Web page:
We call it “the double threat.”
When the stars align, both the Chicago City Council and the Cook County Board meet on the same Wednesday for a two-pronged throwdown of local government action at 121 N. LaSalle St.
This month, Chicago aldermen will consider whether to dole out even more millions to settle police misconduct cases, and they may want to know whether you think marijuana should help pay for schools. On the other side of the building, the County Board is set to jump into a debate that could decide how the medical examiner investigates violent and suspicious deaths.
Here’s what to watch for on Wednesday.
Police misconduct payouts climb
The bill for police misconduct in Chicago is set to grow by nearly $6.5 million Wednesday. Chicago aldermen are scheduled to vote on four legal settlements, the largest of which is for $3.5 million. That payout would go to Patrick Hampton, who was convicted of assault and attempted rape at a concert in the early 1980s. The conviction was thrown out in 2001.
The smallest of the proposed settlements, for $150,000, is for a case involving Police Cmdr. Glenn Evans and three other cops. WBEZ has reported that the city has already paid out more than $600,000 in settlements and judgements involving Evans.
You know those random questions on your ballot?
Expect some more of them, but don’t get too excited.
These are nonbinding referenda aldermen must approve ahead of the November election, so your “yes” or “no” doesn’t change anything. Think of it as an Election Day public opinion poll.
Chicago voters may be asked whether they think money from legalized marijuana should help pay for public schools and mental health services. And whether the city should push for longtime homeowners to get property tax exemptions. And whether Chicago should ban plastic drinking straws.
(No joke: Rules Committee Chairman Michelle Harris couldn’t hold back her giggles when she read the straw question aloud in committee on Tuesday.)
Aldermen could take a final vote on the ballot questions Wednesday.
New affordable housing in Chicago … or not
Chicago’s lack of affordable housing is already becoming a 2019 campaign issue.
On Wednesday, Mayor Rahm Emanuel’s office is set to introduce a flurry of new initiatives meant to remedy the problem. Aldermen are also expected to greenlight a proposal aimed at homeowners in the rapidly gentrifying area near the 606 Bloomingdale Trail. The program would allocate $1 million to eligible homeowners seeking forgivable grants to renovate or repair their homes.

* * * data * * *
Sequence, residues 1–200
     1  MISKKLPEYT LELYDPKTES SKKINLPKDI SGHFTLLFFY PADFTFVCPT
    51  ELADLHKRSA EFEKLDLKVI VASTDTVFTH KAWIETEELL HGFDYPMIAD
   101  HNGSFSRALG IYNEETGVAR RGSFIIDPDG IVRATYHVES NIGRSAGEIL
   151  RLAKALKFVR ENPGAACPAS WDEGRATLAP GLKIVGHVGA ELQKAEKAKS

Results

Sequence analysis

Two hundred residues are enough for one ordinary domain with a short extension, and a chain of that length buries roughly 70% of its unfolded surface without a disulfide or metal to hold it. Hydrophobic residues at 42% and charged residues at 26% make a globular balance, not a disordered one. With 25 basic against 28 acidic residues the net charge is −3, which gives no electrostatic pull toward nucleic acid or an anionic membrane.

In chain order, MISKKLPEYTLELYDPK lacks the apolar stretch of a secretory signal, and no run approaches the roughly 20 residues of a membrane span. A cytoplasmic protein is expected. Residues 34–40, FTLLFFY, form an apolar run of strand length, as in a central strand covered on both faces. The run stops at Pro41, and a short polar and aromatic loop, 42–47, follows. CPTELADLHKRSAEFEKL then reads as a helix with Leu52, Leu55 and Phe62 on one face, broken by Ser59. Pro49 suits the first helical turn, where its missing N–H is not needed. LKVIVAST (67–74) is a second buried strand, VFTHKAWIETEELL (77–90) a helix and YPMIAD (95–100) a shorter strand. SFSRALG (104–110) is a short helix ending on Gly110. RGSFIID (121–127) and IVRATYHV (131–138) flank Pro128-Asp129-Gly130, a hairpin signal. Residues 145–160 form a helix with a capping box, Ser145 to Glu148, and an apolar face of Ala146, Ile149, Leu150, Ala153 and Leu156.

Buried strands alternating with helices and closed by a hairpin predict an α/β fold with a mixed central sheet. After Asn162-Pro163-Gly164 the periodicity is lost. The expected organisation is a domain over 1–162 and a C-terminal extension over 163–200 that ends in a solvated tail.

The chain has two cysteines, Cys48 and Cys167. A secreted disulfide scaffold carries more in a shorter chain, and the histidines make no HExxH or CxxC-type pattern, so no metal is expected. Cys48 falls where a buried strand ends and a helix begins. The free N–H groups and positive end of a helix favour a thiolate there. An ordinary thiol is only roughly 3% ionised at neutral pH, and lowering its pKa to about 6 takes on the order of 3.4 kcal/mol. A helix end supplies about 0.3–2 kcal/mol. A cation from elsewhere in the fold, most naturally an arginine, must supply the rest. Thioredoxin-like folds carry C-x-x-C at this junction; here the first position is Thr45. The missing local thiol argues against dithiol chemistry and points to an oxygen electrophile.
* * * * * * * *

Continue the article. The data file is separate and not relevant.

But each new affordable housing program may not necessarily lead to more affordable housing.
That’s because of a long-standing, unwritten City Council practice called “aldermanic prerogative,” which basically gives aldermen de facto veto power over development projects in their wards. Northwest Side Ald. Anthony Napolitano (41st Ward) wielded that power on Tuesday to block a proposed project that would have built 30 affordable apartments near O’Hare Airport.
Where the streets have no name?
Ald. Sophia King (4th Ward) and Ald. Brendan Reilly (42nd Ward) found themselves in a firestorm when their proposal to rename Balbo Drive after African-American journalist Ida B. Wells wasn’t given a hearing.
So forget Balbo: On Wednesday, the pair plans to introduce an ordinance to instead rename Congress Parkway in Wells’ honor.
“We wanted to separate the issue of Balbo, and whether that should be renamed or not, with honoring a great legacy that Ida B. Wells left us,” King said.
That means Balbo Drive, named after Italian fascist Italo Balbo, will keep its name for now. King said the fight over renaming Balbo is a “separate issue.”
Chicago gets a new alderman
Mayor Rahm Emanuel is taking a page out of the old Chicago playbook — appointing a new alderman to the 23rd Ward just eight months before the citywide election. State Rep. Silvana Tabares (D-Chicago) will replace Ald. Mike Zalewski, who retired last month. He represents the area around Midway Airport and served as the powerful chair of the City Council’s Aviation Committee.
New rules for death investigations?
Wednesday on the Cook County side of 121 N. LaSalle St., the Cook County Medical Examiner’s office might get more leeway when deciding which death scenes to visit.
The County Board could vote to amend an existing ordinance that would allow Chief Medical Examiner Dr. Ponni Arunkumar to use “discretion” when deciding which cases require scene visits.
Now, there’s confusion about whether existing law requires the medical examiner’s office to visit the scenes of violent or suspicious deaths. Going to the scene is useful because the office’s investigators collect evidence that helps pathologists determine how people die.
Another proposed change calls for agencies that report deaths to the medical examiner’s office, including police and hospitals, to do so immediately.
The potential shifts follow a Chicago Sun-Times investigation that found the medical examiner’s office allegedly flouted the law, going to fewer than one in five death scenes between 2014 and 2017. Democratic Cook County Board President Toni Preckwinkle recently criticized the report, saying death scene visits have climbed under her watch and proposed changes strengthen the law.